Duncan said:

“This was a fantastic opportunity facilitated by the Department of International Trade, to build on the links we are developing with Argentinian contacts both in the UK and in country. I envisage future opportunities for Argentinian Agri-Tech companies to use Agri-EPI Centre hubs as landing pads, and for UK Agri-Tech companies to explore opportunities abroad.”

 

         

New data and robotics project essential for viticulture

New data and robotics projects could bring much needed time, cost and labour savings to UK vineyard producers.

Precision agriculture specialists, Agri-EPI Centre, AI-driven autonomous robotics company Antobot and vineyard owner, Ian Beecher-Jones, have embarked on two projects at JoJo’s vineyard near Henley-on-Thames to create a vineyard digital map, and on-the-ground and aerial monitoring.

The shareable digital infrastructure project – funded by Innovate UK and Defra as part of their Farm Innovation Programme Research Starter Round 2- will create the digital infrastructure of the vineyard, including rows, posts and vines to an accuracy of two centimetres using real time kinetic (RTK) surveying tools. The shareable infrastructure model, based on the Australian Collabriculture project could save producers many hours of work and cost in setting their vineyards up ready to embrace viticultural technology.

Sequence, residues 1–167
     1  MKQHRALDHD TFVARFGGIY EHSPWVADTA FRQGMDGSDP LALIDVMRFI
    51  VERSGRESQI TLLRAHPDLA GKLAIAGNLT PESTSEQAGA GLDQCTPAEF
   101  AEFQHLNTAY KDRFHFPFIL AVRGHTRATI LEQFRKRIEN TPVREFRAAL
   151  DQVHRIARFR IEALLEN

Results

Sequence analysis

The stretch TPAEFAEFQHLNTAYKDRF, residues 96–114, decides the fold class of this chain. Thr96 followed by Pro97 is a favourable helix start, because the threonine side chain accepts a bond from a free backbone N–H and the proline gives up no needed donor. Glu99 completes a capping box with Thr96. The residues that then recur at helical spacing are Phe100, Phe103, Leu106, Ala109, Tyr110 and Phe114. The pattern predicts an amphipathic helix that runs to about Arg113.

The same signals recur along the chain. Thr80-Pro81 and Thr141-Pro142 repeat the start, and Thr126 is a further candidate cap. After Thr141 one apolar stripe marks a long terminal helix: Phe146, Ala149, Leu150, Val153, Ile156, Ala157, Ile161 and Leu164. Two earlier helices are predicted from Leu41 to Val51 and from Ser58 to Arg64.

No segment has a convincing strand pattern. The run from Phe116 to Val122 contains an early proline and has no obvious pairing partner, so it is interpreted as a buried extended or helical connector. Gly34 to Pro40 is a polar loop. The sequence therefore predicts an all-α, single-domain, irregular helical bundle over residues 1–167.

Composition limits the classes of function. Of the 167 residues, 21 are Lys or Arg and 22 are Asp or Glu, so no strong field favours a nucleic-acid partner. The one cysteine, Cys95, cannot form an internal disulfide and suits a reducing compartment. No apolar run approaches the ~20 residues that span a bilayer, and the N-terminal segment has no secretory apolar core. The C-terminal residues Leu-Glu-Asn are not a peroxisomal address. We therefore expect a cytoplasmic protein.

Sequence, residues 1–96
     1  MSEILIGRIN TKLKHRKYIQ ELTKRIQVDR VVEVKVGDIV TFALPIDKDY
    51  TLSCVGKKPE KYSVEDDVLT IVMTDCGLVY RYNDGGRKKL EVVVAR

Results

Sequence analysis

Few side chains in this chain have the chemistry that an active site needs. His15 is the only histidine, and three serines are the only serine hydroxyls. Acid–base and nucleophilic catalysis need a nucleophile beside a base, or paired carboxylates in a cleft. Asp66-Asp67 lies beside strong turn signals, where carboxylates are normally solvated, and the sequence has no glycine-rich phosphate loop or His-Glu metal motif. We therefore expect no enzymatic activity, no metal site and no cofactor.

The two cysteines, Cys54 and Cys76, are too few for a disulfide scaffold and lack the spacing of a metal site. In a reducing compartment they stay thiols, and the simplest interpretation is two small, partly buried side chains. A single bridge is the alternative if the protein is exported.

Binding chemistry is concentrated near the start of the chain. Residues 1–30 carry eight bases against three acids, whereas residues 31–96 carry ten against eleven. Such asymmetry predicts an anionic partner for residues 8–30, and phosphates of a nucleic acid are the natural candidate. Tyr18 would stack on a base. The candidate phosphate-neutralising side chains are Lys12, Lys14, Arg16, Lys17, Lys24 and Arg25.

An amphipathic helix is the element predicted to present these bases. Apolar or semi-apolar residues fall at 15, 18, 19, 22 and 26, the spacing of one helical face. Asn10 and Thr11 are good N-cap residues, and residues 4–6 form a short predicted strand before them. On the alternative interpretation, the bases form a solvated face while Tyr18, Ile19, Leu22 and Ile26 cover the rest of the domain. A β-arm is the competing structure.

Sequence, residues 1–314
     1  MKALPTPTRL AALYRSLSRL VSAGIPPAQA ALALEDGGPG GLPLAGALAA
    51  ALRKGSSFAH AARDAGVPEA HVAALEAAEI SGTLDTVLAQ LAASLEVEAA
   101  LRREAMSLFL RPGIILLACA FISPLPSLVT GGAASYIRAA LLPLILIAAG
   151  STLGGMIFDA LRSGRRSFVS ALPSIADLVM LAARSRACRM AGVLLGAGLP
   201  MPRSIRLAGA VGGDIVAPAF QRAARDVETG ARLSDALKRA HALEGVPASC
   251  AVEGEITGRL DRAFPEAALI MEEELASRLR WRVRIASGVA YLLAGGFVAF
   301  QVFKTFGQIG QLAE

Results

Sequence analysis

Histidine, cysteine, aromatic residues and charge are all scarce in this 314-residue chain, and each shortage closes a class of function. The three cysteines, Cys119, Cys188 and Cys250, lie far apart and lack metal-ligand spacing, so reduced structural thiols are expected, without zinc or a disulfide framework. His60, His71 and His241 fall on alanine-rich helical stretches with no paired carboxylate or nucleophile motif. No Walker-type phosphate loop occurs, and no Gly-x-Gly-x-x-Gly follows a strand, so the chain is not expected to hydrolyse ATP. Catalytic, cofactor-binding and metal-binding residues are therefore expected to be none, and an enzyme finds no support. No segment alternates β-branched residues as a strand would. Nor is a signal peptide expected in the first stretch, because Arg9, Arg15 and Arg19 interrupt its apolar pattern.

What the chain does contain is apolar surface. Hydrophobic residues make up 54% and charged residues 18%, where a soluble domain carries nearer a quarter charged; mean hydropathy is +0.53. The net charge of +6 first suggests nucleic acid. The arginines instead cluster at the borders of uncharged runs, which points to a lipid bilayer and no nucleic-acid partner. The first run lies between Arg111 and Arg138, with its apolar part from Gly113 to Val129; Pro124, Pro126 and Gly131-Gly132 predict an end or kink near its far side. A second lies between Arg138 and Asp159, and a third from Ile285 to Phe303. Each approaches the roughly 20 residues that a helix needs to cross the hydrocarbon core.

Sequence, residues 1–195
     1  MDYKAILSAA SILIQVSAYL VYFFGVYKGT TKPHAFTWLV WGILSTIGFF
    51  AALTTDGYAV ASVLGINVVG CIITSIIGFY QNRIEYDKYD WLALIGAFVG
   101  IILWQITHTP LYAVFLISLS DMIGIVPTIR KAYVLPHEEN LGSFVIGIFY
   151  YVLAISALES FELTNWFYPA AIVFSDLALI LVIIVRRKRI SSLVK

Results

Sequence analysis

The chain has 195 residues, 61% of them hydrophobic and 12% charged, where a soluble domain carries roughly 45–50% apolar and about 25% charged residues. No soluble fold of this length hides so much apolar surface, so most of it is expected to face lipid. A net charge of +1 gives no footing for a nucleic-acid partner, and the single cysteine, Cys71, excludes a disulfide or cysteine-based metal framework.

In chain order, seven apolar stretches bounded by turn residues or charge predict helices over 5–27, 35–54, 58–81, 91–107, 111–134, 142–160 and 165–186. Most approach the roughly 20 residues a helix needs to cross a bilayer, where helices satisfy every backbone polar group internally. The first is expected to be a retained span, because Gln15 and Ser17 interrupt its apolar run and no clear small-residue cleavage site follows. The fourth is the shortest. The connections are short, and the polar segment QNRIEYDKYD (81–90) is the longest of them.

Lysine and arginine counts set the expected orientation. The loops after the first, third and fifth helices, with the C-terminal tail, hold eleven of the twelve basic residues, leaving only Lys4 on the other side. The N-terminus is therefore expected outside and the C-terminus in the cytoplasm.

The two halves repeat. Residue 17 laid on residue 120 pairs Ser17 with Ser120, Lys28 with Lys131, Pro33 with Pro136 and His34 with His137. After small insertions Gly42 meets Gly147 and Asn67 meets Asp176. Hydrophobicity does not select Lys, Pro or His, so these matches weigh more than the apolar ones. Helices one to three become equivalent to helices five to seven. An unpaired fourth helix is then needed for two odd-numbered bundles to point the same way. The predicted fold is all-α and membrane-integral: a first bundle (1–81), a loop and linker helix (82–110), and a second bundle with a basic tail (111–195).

On-the-ground and aerial monitoring will be gathered by robots and drones to add a layer of data to the digital map. The robots are being developed by agriculture robot technologists, Antobot, and drones are supplied by Agri-EPI Centre. This second strand is funded by the European Institute of Innovation and Technology (EIT).

The resulting technology will be highly transferable to other row crop sectors, such as orchards and soft fruit.

Duncan Ross, business development manager crops, Agri-EPI Centre said:

“When wine growers want to survey a vineyard with a robot or drone they have to do a survey and plan beforehand, which can be highly time-consuming if they have to do it for each technology they want to use. Creating a shareable digital twin of the vineyard should cut down the amount of time that contractors spend out in the field, saving producers and technology companies time and money. If growers have their own shareable digital infrastructure built to a standardised format, it can be shared with any technology company the grower would like to work with, reducing duplication of unnecessary onboarding and set up time every time a new technology is to be tested and tried in the vineyard or orchard.